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I want to delete folders and its files were created longer than 7 days using the command line.

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migrated from stackoverflow.com Dec 11 '11 at 11:46

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On which OS (Win, OSx Linux? I am assuming Linux but you know what they say about assumptions. –  Steve Robillard Dec 11 '11 at 5:09
    
sevenforums.com/tutorials/… –  m.qayyum Dec 11 '11 at 5:11
    
Im not sure how you'd do the 7 day part, but if your using OS X or Linux you can use the command: rm -rf /path/to/the/folder –  nosedive25 Dec 11 '11 at 5:12
    
wa c mahmoud. you want to create a script that delete files before the 7th day ? and in which operating system ?! –  FGraviton Dec 11 '11 at 5:18
    
In windows, and the folders I want to be deleted named as: 200110001,20110002 .. and so on, just the folder start with "2011..." i want to delete –  Mahmoud AL-saadi Dec 11 '11 at 5:21

2 Answers 2

*NIX

If you are using *nix and have find available this should do the trick:

find /the/directory/containing/files/to/delete -mtime +7 -exec rm -r {} \;

The flag -mtime is to check the modification timestamp of the found files. If it's above 7*24h ago,
it will execute rm /path/to/file

From the manpage for find

-mtime n  
    File's  data was last modified n*24 hours ago.  See the comments  
    for -atime to understand how rounding affects the interpretation  
    of file modification times.  

WINDOWS XP & VISTA

I never work on windows though I got curious to see what command to be the equivalent to the above in a MS-DOS environment. I found Batch file to delete files older than N days here on stackoverflow.

The relevant command (copy+pasted from the previously linked thread):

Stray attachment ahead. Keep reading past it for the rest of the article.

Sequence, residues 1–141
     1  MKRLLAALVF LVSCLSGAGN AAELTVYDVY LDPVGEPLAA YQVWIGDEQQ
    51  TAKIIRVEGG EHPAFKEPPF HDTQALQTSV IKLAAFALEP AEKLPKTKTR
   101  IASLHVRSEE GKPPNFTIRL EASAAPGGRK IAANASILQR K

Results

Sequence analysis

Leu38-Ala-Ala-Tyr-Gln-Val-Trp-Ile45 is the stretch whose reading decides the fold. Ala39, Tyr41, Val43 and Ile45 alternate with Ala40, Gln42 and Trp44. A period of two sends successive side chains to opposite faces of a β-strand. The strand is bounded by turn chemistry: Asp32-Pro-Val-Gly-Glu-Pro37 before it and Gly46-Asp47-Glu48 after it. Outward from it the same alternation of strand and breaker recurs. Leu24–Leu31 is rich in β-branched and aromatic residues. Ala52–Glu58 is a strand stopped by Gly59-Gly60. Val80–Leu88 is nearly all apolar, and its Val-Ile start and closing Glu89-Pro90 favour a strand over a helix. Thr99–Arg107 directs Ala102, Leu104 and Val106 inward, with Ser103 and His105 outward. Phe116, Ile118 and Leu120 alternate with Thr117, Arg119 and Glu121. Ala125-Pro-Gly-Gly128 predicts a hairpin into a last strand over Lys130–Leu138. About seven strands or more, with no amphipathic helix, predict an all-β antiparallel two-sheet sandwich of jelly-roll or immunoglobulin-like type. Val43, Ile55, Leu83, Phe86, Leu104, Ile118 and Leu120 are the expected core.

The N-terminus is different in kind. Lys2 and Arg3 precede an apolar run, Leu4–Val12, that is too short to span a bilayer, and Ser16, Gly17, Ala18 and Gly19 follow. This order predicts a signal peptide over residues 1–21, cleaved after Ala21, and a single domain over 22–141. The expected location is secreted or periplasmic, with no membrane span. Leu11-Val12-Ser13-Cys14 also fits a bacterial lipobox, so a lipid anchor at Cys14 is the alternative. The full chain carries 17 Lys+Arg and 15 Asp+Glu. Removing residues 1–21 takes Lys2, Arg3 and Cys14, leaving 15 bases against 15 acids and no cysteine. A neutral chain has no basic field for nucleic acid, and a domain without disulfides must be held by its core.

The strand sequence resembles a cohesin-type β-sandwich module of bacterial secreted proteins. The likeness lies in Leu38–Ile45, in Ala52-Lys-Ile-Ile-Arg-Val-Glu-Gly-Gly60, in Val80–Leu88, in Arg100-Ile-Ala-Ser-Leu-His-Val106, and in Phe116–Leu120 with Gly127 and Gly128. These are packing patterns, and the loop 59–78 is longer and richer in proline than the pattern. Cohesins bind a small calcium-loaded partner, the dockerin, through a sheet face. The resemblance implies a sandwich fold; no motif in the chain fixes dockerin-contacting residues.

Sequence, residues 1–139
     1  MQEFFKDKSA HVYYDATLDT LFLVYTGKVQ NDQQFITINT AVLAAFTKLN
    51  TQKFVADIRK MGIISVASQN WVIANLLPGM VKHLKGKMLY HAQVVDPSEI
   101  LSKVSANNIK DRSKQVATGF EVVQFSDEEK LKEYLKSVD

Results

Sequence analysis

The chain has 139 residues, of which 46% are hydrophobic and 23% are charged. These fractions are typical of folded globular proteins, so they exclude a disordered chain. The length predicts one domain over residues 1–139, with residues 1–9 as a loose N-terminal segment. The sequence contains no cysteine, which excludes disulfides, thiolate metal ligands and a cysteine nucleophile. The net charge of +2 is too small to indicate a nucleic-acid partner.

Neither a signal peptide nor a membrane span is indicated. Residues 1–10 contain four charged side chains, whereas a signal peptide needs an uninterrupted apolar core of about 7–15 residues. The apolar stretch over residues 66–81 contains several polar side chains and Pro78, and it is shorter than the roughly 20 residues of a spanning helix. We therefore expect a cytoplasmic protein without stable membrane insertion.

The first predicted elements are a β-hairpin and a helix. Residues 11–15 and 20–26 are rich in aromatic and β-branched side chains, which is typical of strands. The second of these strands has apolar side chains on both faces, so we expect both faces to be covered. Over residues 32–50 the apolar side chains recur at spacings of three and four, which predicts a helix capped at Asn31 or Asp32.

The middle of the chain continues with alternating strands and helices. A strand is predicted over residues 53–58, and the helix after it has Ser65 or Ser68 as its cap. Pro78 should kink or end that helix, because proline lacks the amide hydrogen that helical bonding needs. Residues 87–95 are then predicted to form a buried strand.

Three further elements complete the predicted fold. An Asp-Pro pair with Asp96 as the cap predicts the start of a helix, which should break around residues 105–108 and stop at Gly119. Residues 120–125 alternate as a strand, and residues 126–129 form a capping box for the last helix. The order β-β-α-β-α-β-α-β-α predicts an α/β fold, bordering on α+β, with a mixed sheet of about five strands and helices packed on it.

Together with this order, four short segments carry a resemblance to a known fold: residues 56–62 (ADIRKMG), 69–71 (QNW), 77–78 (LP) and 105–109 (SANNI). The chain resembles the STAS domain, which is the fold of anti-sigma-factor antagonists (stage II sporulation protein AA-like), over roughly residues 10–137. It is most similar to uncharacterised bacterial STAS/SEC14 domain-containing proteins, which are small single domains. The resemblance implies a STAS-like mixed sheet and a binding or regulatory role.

forfiles -p "C:\what\ever" -s -m *.* -d <number of days> -c "cmd /c del @path"

WINDOWS 7

Syntax has changed a little therefore the updated command is

forfiles -p "C:\what\ever" -s -m *.* /D -<number of days> /C "cmd /c del @path"
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Rm requires the -r flag to delete directories, if I remember correctly. (UNIX) –  Jon Dec 11 '11 at 5:23
    
@Jon Oh, I didn't notice it was a requirement to delete both directories and files, I'll alter my post right away. Thanks for pointing this out! –  refp Dec 11 '11 at 5:26
    
And just to be sure, it should also use the -f flag, so -rf will always force a delete. (forgot that one). –  Jon Dec 11 '11 at 5:28
    
@Jon I left that out on purpose to be honest, better safe than sorry! ;) –  refp Dec 11 '11 at 5:33
    
refp, thanks alot for your answer,"forfiles" will work in windows? –  Mahmoud AL-saadi Dec 11 '11 at 5:47

If you need to deal with space limit issue on a very large file tree (in my case many perforce branches), that sometimes being hanged while running the find and delete process -

Here's a script that I schedule daily to find all directories with specific file ("ChangesLog.txt"), and then Sort all directories found that are older than 2 days, and Remove the first matched directory (each schedule there could be a new match):

bash -c "echo @echo Creating Cleanup_Branch.cmd on %COMPUTERNAME% - %~dp0 > Cleanup_Branch.cmd"
bash -c "echo -n 'bash -c \"find ' >> Cleanup_Branch.cmd"
rm -f dirToDelete.txt
rem cd. > dirToDelete.txt 
bash -c "find .. -maxdepth 9 -regex ".+ChangesLog.txt" -exec echo {} >> dirToDelete.txt \; & pid=$!; sleep 100; kill $pid "
sed -e 's/\(.*\)\/.*/\1/' -e 's/^./"&/;s/.$/&" /' dirToDelete.txt | tr '\n' ' ' >> Cleanup_Branch.cmd
bash -c "echo -n '-maxdepth 0 -type d -mtime +2 | xargs -r ls -trd | head -n1 | xargs -t rm -Rf' >> Cleanup_Branch.cmd"
bash -c 'echo -n \" >> Cleanup_Branch.cmd'
call Cleanup_Branch.cmd

Note the requirements:

  1. Deleting only those directories with "ChangesLog.txt", since other old directories should not be deleted.
  2. Calling the OS commands in cygwin directly, since otherwise it used Windows default commands.
  3. Collecting the directories to delete into external text file, in order to save find results, since sometimes the find process has hanged.
  4. Setting a timeout to the find process by using & background process that being killed after 100 seconds.
  5. Sorting the directories oldest first, for the delete priority.
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